Magic Makes The Difference: About HW Book Reviews

Media with a magical touch is a growing font of magical information we can categorize as fanciful, possible, plausible, and real magic. Historical Witchcraft Book Reviews aim to sort the information in magically inspired books, movies, songs, games, and other media into the aforementioned categories.

To explain a little further, let’s do a book review of two ancient books, both with long shadows.

Historic documents are fraught with false, yet incredibly influential ideas about magic and witches. The 2nd-century book, On Women’s Clothing by Tertullian heavily influenced the authors of the Malleus Maleficarum (Hammer of Witches) which was written in the 15th-century.

Magic Book Reviews with Historical Witchcraft

Until the 15th century, witchcraft was an equal opportunity craft. After the Malleus Maleficarum, witchcraft became predominantly associated with women. There were many books published during the interim centuries that reinforced Tertullian’s ideas about women. Those ideas were co-opted by writers writing about witchcraft. Some of the magical ideas in the Hammer of Witches are fanciful, meaning they have no basis in reality, yet they have heavily influenced popular thought on witches and the craft. Therefore Malleus Maleficarum is housed in the Fanciful category, but wait there’s more!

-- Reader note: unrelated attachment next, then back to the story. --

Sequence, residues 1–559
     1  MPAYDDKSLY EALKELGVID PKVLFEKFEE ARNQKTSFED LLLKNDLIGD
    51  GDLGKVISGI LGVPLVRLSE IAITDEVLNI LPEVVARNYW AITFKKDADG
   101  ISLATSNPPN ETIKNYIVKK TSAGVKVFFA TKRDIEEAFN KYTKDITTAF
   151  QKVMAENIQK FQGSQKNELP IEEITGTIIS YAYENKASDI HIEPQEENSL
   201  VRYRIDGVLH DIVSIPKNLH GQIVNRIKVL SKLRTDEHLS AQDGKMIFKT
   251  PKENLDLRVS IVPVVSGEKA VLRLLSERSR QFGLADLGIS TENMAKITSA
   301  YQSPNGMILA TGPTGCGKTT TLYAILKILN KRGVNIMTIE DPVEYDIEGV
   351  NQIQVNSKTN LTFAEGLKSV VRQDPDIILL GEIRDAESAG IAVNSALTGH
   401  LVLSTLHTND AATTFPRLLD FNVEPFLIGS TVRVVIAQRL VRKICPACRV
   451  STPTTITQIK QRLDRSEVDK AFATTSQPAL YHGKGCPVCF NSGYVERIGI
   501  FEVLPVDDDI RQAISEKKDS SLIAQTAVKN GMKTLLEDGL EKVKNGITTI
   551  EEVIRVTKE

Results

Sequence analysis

The Hammer of Witches reference witches practicing maleficent magic. They got that part right, sometimes witches use magic to engage in maleficent activities. Witches sometimes curse, break, banish and destroy. I have done my fair share of banishing and worked on the offense, casting protection spells that bite. I have willfully turned living plants under the soil so that they may nourish next year’s garden while singing incantations. I have used astrological timing in conjunction with known poisons to kill squash bugs. It’s all part of the gig; death begets life. I have therefore practiced maleficent magic. That one little idea in the MM book is about real magic, but the rest of it is not, so the book stays in the fanciful category.

Now that the groundwork is in place; we hope you’ll join us next time when we review a modern novel in the real magic category!